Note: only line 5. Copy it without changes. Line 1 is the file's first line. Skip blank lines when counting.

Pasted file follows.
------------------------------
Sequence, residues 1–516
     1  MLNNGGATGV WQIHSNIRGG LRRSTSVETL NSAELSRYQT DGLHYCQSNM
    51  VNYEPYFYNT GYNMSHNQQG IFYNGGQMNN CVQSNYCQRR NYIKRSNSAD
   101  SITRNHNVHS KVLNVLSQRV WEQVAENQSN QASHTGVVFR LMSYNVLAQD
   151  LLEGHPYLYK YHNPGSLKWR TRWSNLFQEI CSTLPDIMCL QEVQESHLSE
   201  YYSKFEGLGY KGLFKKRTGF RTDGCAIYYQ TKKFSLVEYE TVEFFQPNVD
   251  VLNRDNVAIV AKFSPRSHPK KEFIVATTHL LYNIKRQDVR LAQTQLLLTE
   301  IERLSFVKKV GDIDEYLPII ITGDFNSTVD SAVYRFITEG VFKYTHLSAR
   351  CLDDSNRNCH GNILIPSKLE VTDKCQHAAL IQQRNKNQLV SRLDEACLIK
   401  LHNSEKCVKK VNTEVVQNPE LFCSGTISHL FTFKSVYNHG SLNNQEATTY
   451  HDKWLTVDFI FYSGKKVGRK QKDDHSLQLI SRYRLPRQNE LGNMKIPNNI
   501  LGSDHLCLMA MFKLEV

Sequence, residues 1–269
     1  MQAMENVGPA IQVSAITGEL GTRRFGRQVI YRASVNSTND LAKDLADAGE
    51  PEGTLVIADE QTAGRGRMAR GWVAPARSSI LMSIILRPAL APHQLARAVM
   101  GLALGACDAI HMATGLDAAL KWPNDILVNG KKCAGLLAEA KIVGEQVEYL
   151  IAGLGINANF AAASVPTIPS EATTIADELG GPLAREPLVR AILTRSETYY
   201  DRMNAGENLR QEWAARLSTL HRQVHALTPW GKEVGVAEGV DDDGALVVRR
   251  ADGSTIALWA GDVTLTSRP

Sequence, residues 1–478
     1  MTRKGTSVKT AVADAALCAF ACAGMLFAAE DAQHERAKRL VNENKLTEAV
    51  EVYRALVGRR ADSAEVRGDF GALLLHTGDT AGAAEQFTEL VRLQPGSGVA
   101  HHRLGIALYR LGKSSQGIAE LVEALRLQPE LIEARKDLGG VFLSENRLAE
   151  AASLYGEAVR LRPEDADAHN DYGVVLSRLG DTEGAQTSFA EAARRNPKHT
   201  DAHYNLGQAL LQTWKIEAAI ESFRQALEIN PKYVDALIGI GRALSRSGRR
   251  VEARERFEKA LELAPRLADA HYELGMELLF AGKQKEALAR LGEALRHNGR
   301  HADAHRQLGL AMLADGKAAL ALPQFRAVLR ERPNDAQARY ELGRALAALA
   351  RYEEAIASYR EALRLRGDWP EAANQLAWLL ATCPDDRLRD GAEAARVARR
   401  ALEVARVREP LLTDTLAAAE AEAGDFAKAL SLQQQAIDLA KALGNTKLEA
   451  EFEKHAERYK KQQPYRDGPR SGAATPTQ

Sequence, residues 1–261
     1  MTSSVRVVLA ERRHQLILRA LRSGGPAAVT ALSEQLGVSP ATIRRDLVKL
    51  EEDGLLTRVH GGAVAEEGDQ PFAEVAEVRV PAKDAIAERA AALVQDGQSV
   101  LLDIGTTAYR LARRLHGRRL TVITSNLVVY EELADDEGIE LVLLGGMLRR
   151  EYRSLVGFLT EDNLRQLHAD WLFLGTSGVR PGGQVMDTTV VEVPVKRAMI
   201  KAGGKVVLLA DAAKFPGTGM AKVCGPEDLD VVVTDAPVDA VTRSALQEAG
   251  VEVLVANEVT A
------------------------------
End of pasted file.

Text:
   151  LLEGHPYLYK YHNPGSLKWR TRWSNLFQEI CSTLPDIMCL QEVQESHLSE